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Saturday, May 27, 2017

What intelligence research tells about social problems

I’ve been reading about intelligence, education and social behavior and some interesting things have been proven.  You probably suspected a lot of this.  All these stats are for white people only, no racial component.

Remember those plots that show if you have only a high school education you’ll likely make $30,000 a year, but if you have a bachelor’s you’ll make $50K and advanced degrees = $90K?  It turns out, while this is true, the distribution for each education level is extremely broad. There are Phds on welfare. There are CEOs who have 8th grade ed.   The correlation between education level and earnings is about .3 (1.0 or 100% correlation is perfect; zero is none whatsoever)  IQ correlates at about .6 so it is a better predictor of earnings. 

The people who study intelligence were highly persecuted in the 60s and 70s for their proofs that intelligence gives a lot of advantage and it is somewhat inherited.  That was the era when people believed that environment caused everything.  (Well, why try to breed smart sheepdogs? You could just make any old mutt a shepherd.) So the researchers went underground by the way they stopped talking about test scores and began talking about standard deviations away from the curve peaks.  Apparently it worked.  Media and many others couldn’t understand what they were talking about.  Then came the 90s demand for education accountability and testing.  Once again, intelligence measures became important.  A guy with 80 IQ doesn’t make a very good elementary particle physicist.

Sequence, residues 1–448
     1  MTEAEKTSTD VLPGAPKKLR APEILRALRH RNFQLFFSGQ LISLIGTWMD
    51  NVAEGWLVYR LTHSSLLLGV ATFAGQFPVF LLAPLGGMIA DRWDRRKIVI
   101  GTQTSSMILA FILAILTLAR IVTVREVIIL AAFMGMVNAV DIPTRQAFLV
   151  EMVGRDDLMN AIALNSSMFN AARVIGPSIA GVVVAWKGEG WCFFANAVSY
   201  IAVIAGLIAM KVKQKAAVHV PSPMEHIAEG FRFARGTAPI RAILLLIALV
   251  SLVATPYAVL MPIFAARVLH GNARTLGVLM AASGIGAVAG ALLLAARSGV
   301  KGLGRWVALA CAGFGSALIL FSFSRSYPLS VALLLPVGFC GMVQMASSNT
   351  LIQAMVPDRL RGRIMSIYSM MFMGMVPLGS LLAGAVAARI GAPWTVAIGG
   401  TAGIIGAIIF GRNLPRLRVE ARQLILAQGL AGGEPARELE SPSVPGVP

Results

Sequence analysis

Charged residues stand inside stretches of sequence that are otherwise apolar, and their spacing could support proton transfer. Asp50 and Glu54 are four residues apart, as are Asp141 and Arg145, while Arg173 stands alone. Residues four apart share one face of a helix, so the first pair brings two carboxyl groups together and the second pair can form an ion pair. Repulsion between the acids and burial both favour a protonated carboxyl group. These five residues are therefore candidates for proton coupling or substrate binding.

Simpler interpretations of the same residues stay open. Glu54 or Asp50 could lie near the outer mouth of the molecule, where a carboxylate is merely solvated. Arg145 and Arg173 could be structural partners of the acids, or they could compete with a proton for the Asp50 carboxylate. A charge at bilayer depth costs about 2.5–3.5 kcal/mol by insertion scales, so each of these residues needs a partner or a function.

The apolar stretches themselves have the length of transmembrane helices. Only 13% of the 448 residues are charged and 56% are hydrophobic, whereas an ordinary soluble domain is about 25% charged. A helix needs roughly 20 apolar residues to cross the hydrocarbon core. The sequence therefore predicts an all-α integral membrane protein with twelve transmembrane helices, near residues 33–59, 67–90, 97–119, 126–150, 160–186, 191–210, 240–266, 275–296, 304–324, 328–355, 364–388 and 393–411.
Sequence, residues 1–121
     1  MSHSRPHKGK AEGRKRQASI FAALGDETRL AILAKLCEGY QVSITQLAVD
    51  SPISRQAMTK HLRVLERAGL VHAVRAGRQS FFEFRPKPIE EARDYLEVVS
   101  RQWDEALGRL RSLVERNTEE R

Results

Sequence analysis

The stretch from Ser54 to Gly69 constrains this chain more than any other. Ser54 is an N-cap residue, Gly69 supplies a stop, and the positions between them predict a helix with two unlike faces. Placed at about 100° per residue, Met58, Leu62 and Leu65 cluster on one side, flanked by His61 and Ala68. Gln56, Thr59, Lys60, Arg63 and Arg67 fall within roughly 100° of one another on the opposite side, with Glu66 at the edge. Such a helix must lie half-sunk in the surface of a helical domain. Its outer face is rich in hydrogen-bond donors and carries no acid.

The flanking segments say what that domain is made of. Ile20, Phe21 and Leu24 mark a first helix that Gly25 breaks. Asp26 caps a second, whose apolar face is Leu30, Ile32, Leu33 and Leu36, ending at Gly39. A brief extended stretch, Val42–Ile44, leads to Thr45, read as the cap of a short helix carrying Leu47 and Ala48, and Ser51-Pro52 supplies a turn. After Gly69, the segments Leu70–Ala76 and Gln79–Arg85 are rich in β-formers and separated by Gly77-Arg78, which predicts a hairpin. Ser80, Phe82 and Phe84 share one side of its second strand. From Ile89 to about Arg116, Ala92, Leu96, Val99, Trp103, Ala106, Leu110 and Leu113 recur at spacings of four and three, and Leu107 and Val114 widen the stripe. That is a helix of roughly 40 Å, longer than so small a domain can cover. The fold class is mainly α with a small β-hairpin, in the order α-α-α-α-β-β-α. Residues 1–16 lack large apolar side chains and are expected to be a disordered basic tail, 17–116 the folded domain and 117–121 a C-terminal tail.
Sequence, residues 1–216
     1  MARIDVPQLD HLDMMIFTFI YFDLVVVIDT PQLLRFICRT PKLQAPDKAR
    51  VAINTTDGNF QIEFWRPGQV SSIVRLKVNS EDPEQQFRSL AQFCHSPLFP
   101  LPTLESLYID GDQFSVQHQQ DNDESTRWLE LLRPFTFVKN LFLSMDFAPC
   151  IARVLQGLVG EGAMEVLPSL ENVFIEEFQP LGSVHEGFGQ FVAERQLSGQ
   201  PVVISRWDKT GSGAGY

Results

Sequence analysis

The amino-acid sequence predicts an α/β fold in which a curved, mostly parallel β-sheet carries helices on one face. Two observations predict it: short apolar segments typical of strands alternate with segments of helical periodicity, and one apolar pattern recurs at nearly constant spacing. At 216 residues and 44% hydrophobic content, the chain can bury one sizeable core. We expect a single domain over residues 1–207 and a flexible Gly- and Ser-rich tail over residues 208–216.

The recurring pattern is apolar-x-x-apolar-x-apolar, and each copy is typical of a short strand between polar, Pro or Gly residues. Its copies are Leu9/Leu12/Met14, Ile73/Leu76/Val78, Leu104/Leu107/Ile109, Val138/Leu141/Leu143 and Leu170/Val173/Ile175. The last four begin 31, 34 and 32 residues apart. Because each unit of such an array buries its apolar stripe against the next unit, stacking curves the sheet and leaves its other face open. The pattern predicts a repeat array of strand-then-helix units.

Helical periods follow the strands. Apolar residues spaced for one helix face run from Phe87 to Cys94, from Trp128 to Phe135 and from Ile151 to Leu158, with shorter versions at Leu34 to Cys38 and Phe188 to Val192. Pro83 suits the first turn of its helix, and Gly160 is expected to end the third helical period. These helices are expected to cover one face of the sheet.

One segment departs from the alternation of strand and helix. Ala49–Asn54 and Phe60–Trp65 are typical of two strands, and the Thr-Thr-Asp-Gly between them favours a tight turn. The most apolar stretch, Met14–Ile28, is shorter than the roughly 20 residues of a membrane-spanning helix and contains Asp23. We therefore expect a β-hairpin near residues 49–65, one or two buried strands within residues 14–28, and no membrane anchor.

The popular concept is that college education skyrocketed after WW II.  No, it actually began growing rapidly about 1920. 1920—2% of population had a bachelors; 1940—8%; 1960—16%;2016—35%.  That reflects the fact that in 1950 the traditional 55% of top quartile of SAT scorers went to college but by 1965 it was 80%.  And it was since about 1960 that the prestigious colleges began to compete for the top HS grads.  Why?  College costs quadrupled from 1950 to 1960, and a lot of middle class families could no longer afford it unless they had a smart kid who could get scholarships.